COMMENTARY: Mr. T. Finrass And The Foreign Calypso Judge

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MR T. FINRASS AND THE FOREIGN CALYPSO JUDGE

By Vellie Nicholas-Benta

During any adjudication process (be it legal or otherwise) things can become dicey, very complicated—a simple matter turned very complex—when the subjects examined all bear identical initials as in the illustrious case of members of the Finrass family who all carried the middle initial, T. Finrass. Notably, what distinguished the ‘T. Finrass debacle’ as a landmark case in Calypso adjudication was the fact that the foreign judges who were expressly brought in to neutralise local judging bias were themselves alien to the language of the court (our hallowed halls of Antiguan calypso!) !

Undoubtedly, the calypsonians who had agitated for those foreign judges had learned two important lessons:

  1. A calypso judge must understand the idiosyncrasies of the local vernacular/idiomatic expressions/local sayings/emergent slangs
  2. A calypso judge must be (if not totally immersed in the local culture) intimately aware of local happenings/local colour

Now, almost a decade later, there is talk about recruiting foreign judges for our carnival. Well, was this pronouncement a result of a serious post-carnival roundtable with relevant stakeholders? I agree that change can be therapeutic, even utopic. But the way things have been happening around here lately, I am forced to agree with Trinidad’s 2018 Calypso Monarch, Helon Francis, who says, “The most change have is nice s(cent) we usually get from de government”. Yes, “change could mean a new car, could mean less than a dollar…” So, what kind of change are we anticipating from the paid services of foreign calypso judges? And, what empirical evidence do we have  to validate those expectations?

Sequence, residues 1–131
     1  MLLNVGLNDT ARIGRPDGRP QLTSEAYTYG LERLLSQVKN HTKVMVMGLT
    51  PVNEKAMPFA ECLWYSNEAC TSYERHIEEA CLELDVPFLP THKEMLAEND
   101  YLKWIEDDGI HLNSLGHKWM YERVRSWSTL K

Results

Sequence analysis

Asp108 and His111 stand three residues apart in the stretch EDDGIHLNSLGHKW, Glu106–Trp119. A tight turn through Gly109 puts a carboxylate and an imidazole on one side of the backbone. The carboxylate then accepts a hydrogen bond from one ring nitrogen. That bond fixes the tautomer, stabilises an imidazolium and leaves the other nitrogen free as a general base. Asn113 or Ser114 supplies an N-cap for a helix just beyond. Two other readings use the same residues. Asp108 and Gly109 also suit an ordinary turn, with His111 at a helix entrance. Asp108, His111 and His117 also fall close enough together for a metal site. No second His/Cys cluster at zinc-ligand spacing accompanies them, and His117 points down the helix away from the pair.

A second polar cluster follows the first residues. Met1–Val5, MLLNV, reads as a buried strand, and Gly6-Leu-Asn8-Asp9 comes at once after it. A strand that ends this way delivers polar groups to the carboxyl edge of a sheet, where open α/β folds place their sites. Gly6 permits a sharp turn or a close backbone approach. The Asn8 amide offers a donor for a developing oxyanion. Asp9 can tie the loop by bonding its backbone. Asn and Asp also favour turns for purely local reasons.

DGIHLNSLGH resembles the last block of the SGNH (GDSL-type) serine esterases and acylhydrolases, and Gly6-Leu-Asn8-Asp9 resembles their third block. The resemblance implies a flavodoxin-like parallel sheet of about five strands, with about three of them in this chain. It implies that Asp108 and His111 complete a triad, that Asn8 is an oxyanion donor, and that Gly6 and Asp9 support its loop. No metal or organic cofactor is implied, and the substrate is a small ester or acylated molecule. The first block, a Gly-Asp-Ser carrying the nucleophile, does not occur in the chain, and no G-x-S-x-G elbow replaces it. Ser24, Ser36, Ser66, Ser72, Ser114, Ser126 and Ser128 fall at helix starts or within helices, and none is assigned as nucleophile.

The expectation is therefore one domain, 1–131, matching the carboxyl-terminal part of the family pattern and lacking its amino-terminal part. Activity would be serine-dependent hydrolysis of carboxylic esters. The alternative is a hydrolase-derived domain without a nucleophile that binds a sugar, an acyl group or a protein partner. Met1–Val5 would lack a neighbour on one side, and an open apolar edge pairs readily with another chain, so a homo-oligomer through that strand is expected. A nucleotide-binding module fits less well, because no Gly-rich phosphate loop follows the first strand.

I am not saying that others are incapable of judging or are incompetent. What I am saying is that calypso composed for local consumption tends to employ a healthy mix of the Standard English plus the local Dialect of English which is peppered with idiomatic expressions. Couple with that is the artiste’s licence to change his lyrics on finals night. Speaking from experience, I declare that the artiste’s manipulation of diction and content may prove extremely challenging, even problematic for the unsuspecting foreign judge. 

A simple play on words could cause utter confusion for the foreign judge! Case in point. In the early 2000s I found myself on a panel which consisted of a few foreign judges and had to end up doubling as both judge and interpreter! Apparently, the song by ‘word gymnast’ Zacari, had the faces of the foreign judges contorted in utter consternation! They could not decipher the ‘T. Finrass’ family affair. I had to explain how the local expression ‘tiefing rass’ had morphed into ‘T. Finrass’. So it was that my explanation there on finals night had the foreign judges acquainted with the family ‘Finrass’ who all had identical middle initials: Lester T. Finrass, Vere T. Finrass, etc. It was very ironic that the Calypso luminaries who had been brought in to elucidate things had to be themselves illuminated!

In short, I encourage meaningful change. I welcome the training and evaluation of judges along with a reviewing of the current judging criteria to reflect more closely the pulse of the people (who really come to ‘watch’ Kaiso). Should the powers that be revert to recruiting and paying foreign calypso judges, members of the audience would no doubt be the ones to call for an encore of the effort if satisfied with the outcome.

Conversely, if left dissatisfied, the same people would be the ones to attach ‘T. Finrass’ to the names of the foreign judges.

(Vellie Nichols-Benta—Calypso Adjudicator/Writer/Social Commentator)

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